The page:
Rebuked in federal court, the Bush administration on Wednesday was weighing whether to appeal a ruling that ordered it to restore Clinton-era energy efficiency standards that would make air conditioners use less energy and save consumers money on their electricity bills.
The court said Tuesday the Energy Department violated the intent of Congress when it rolled back the regulation that required a 30 percent increase in energy efficiency in all new home central air conditioners beginning in 2006.
The department had replaced the regulation with a more modest one that would require a 20 percent increase, arguing that to go further would make air conditioning units too expensive and even prevent poor people from buying air conditioners.
Environmentalists and energy efficiency experts rejected those claims. The Natural Resources Defense Council, consumer groups and attorneys general from 10 states filed a lawsuit to challenge the decision.
Court cites Congress
On Tuesday, the Court of Appeals for the 2nd Circuit in New York ruled that the so-called SEER-13 standard issued by the Clinton administration was valid and could not legally be lowered, even though the standard had not yet gone into effect.
It was Congress’ intention to make it difficult to reverse course and roll back energy efficiency standards, the court said. As a result, the Energy Department was “prohibited from amending those standards downward,” the court said.
Energy Department spokesman Joe Davis said the agency was "disappointed that our efforts to increase the efficiency standards of air conditioners by 20 percent was overturned. We are currently reviewing the court’s opinion.” No decision has been made on an appeal, he said.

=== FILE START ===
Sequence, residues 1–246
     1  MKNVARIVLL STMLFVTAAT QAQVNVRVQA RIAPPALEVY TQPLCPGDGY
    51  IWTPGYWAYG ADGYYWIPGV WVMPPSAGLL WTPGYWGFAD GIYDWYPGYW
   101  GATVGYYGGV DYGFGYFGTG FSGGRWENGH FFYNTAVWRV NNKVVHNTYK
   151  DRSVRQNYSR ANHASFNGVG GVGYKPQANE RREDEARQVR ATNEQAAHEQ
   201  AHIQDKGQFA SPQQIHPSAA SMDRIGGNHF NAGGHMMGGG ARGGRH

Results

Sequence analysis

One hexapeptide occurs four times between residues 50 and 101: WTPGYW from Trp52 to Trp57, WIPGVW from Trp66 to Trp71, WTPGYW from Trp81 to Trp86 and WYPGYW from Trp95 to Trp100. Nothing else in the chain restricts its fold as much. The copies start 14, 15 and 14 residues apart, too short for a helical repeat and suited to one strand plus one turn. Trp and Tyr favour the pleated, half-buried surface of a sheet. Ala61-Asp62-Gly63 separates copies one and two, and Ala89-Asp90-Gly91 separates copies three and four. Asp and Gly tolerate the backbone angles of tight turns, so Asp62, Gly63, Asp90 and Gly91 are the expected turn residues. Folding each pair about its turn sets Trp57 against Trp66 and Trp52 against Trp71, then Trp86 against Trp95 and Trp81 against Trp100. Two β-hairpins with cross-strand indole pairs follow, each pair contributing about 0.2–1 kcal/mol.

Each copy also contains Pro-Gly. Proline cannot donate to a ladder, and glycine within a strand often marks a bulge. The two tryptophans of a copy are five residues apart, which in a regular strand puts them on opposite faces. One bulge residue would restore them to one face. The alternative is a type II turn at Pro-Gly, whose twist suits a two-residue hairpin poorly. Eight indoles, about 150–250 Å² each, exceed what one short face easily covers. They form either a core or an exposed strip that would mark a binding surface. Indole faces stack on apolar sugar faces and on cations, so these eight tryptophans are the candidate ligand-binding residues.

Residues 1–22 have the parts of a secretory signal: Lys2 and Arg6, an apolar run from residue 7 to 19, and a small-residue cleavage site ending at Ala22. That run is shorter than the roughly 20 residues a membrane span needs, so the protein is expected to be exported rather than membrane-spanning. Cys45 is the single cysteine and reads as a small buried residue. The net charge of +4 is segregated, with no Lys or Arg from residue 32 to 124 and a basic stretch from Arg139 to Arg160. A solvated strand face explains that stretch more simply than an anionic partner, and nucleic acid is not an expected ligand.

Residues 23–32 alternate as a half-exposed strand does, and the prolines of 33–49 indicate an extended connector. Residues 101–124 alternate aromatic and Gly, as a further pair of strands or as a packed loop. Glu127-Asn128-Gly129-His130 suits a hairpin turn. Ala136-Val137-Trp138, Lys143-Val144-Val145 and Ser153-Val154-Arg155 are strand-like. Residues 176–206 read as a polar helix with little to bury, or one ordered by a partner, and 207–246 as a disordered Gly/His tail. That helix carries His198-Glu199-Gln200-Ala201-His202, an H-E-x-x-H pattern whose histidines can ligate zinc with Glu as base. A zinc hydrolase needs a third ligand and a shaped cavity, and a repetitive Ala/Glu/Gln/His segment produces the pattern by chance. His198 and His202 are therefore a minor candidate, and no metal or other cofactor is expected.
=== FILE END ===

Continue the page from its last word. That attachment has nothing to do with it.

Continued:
The ruling was praised by energy efficiency advocates, environmentalists and officials in the 10 states that had joined in the lawsuit.
“This is a vindication of good energy policy, good environmental policy” and shows that a new administration can’t ignore rules that already have been put in place, said New York Attorney General Eliot Spitzer, one of those who challenged the Bush standard.
Most air conditioner manufacturers have argued that if the government required all their units to meet the SEER-13 standard, costs would escalate to a point where consumers in northern states could not recoup the added expense from energy savings.
SEER, which stands for seasonal energy efficiency ratio, is a measurement of efficiency for appliances, including air conditioners.
Energy efficiency advocates have scoffed at the industry claims. They argue the cost of producing the more efficient air conditioners was being exaggerated by the manufacturers, and consumers would save substantially in electricity costs.
$1.1 billion in annual savings?
The Alliance to Save Energy, a private advocacy group, said the higher SEER-13 efficiency standard would cut consumer electricity bills by as much as $1.1 billion a year by 2020, when the more efficient units would be expected to be in wide use.
Charles Harak of the National Consumer Law Center called Tuesday’s ruling “a tremendous win for low-income consumers” because, he said, they are the people who “struggle so hard to pay their energy bills.”
Air conditioners account for two-thirds of electricity use during peak summer demand periods. Improved efficiency in these units is viewed as key to reducing electricity demand and easing the strain on the nation’s power grids during peak periods.
The more stringent standard will save 14,500 megawatts during peak summer demand periods, enough to replace 50 power plants, said Andrew DeLaski, executive director of the Appliance Standards Awareness Project, a group advocating energy efficiency improvements.